Environmental stewardship, innovation and leadership are becoming increasingly important as we take steps to create a sustainable environment for future generations. This is particularly important when it comes to construction of new data centers or major renovations of older ones.
The Leadership in Energy & Environmental Design (LEED) certification process offers a useful framework for organizing green strategies. To earn LEED certification, buildings must exhibit environmental responsibility in seven areas:
- Sustainable sites
- Water efficiency
- Energy and atmosphere
- Materials and resources
- Indoor environmental quality
- Innovation and design
- Regional credits
The following sections will discuss data center sustainability strategies in the first two areas of LEED green building certification: sustainable sites and water efficiency. Please visit my previous articles (Understanding Data Center Sustainability and Difficulties of Going Green in the Data Center) for background on understanding data center sustainability and a synopsis on the difficulties of going green in the data center, and stay tuned for more in the series, which will provide best practices for achieving LEED in each of the remaining five LEED areas.
Limiting physical sprawl is one of the most important goals of sustainable site development. Companies can reduce the amount of space their data centers occupy by deploying compact infrastructure resources. For example, many late-model uninterruptible power system (UPS) products feature footprints as much as 50 to 60 percent smaller than previous-generation models. Similarly, companies that operate their data center at 400V can eliminate transformer based Power Distribution Unit (PDU) cabinets, reducing their power distribution footprint by 50 to 60 percent. Within the mechanical operations, using commercially packaged air handling units and In Row cooling (where needed) can eliminate traditional Computer Room Air Conditioners (CRACs) which take up significant space within many data halls.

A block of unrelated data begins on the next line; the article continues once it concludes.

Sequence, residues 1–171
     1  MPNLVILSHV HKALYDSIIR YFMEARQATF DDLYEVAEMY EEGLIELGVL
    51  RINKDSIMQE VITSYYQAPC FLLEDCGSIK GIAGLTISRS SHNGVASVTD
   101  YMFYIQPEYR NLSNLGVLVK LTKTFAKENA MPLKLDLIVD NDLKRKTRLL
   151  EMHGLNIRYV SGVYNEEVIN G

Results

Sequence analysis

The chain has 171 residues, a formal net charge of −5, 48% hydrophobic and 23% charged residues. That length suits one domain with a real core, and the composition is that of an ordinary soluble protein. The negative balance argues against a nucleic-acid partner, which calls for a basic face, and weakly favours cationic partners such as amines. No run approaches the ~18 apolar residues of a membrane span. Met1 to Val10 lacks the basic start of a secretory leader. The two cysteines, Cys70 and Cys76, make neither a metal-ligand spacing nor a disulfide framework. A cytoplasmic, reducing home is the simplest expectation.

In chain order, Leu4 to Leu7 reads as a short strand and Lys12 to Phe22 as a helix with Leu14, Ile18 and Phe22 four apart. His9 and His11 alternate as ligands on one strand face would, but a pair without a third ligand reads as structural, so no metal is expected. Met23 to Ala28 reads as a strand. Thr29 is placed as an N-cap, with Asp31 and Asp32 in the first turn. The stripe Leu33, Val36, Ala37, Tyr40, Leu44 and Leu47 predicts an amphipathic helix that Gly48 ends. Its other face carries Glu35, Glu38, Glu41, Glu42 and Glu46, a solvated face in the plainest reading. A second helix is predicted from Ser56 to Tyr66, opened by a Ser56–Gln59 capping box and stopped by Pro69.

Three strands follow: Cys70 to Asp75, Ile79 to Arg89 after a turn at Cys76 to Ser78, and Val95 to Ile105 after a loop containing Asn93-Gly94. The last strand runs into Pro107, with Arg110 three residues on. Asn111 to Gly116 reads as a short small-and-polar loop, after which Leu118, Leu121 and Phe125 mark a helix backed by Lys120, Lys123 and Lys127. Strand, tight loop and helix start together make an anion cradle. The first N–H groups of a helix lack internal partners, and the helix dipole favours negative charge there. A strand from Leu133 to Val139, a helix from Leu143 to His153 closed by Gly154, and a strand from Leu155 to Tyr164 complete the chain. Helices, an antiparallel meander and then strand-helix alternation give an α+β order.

Organizations can further promote sustainable site development in their new and existing data centers by embracing practices like the following:
- Locating new facilities in existing industrial zones instead of on undeveloped land
- Installing electric vehicle charging stations in the parking lot
- Minimizing pollution during construction by controlling soil erosion, waterway sedimentation and airborne dust generation.
- Providing easy access to public transportation, bicycle racks and changing rooms
- Limiting parking capacity to the minimum mandated under local zoning regulations
- Reducing light pollution by automatically shutting off interior lights during late-night hours and providing external lights only as required for safety and comfort
The average enterprise data center consumes enormous volumes of water. In fact, a 15-megawatt data center can use up to 360,000 gallons/1,363 liters of water a day to cool high-density server systems, according to data center designer James Hamilton. Data center operators can reduce water usage by employing these and other techniques:
Raising server inlet temperatures: Historically, data center operators typically have kept “cold aisle” temperatures at roughly 65oF/18oC. According to recent a publication by the American Society of Heating, Refrigerating and Air-Conditioning Engineers (ASHRAE), however, certain classes of data centers can safely operate at temperatures as high as 104oF/40oC. While few companies are pushing these extremes, it is not uncommon to see operating targets approaching 80oF/26oC. Raising data center temperatures even a few degrees can dramatically reduce the amount of water consumed by cooling systems.